24/12/2009 - Thousands of children suffer from HIV/AIDS in Romania today, living out a legacy from years ago.
In Romania today, there are over seven thousand young people aged 15 to 19 living with HIV or AIDS.
The reason for the high number of young people with AIDS reportedly stems from years ago, when blood transfusions were used to treat children with anaemia or suffering from malnutrition, as well as the multiple use of the same syringe by health officials administering the treatments. 5 000 people died before the crisis was contained—although, evidently, the effects continue to linger.
Many of these children face systematic discrimination which prevents them from attending school or even accessing medical treatment. Often, a clear and informative explanation about the disease they carry is not made available to them; sometime, if medical care is available, doctors cannot tell children about their status without parental consent. This can lead to a lack of complete understanding about sexuality issues and can increase the risk of further transmission once the children reach adulthood.
However, Romania maintains an innovative government program that provides free antiretroviral medication to all those in need, and has made progress in reducing mother-to-child transmission, one of the most important means of reducing the number of HIV infections.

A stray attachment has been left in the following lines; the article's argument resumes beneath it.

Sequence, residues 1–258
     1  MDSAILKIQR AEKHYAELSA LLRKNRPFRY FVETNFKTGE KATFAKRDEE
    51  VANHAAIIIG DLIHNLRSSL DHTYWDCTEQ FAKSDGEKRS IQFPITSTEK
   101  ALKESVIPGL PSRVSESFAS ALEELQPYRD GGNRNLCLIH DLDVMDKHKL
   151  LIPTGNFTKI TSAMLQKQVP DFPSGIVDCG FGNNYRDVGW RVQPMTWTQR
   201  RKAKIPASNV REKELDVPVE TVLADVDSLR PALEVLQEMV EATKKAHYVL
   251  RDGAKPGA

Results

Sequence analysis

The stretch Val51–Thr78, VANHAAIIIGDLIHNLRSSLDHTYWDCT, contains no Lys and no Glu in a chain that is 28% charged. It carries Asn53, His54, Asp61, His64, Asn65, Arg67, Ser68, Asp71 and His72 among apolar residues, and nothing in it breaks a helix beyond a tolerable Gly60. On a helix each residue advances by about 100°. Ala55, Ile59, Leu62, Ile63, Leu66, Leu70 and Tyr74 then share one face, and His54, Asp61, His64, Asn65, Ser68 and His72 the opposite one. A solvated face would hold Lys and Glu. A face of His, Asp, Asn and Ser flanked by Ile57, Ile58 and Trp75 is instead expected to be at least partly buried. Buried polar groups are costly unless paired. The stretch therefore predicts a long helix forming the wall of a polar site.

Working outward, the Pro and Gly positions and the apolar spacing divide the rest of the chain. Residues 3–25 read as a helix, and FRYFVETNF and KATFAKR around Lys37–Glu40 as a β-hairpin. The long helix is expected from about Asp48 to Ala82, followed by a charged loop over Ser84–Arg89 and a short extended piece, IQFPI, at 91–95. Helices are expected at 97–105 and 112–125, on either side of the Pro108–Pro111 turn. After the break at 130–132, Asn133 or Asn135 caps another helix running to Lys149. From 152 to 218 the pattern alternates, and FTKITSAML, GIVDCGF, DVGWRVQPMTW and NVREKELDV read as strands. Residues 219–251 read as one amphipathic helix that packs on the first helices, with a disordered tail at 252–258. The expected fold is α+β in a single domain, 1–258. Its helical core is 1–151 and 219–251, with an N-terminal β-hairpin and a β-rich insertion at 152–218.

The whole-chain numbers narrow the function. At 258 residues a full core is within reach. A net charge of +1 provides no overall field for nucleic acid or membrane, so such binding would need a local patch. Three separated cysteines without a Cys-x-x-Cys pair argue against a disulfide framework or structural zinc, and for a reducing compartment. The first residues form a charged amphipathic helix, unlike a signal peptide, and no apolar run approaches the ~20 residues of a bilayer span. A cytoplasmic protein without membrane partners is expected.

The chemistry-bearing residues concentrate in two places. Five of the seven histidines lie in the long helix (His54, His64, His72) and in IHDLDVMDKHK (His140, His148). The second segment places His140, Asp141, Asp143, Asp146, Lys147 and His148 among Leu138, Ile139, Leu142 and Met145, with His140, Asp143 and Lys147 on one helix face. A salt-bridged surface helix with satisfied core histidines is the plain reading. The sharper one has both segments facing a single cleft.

Many Romanian children have lost a parent (or both) to AIDS, putting them in an even more vulnerable condition, as they live in institutions, sometimes without adequate protection. Romania is known for the high numbers of orphans in the country, the causes of which can be traced back to anti-contraception regulations in the 1970s and 1980s, which prompted parents to abandon children they could not afford (or were otherwise unable) to keep. Moreover, the deterioration of economic conditions during this time made it difficult for orphanages to provide all necessary services to the children they served. Orphanges and community/family-based care systems (preferred by organization such as UNICEF) have been improved, as this was a precondition for Romania's entry into the European Union.
Globally, at the end of last year, there were two million children that tested positive for HIV. 90% of paediatric cases of AIDS to date have been located in Africa. HIV contributes greatly to the number of paediatric cases of other diseases as well as the overall child mortality rate, a key global indicator of human development.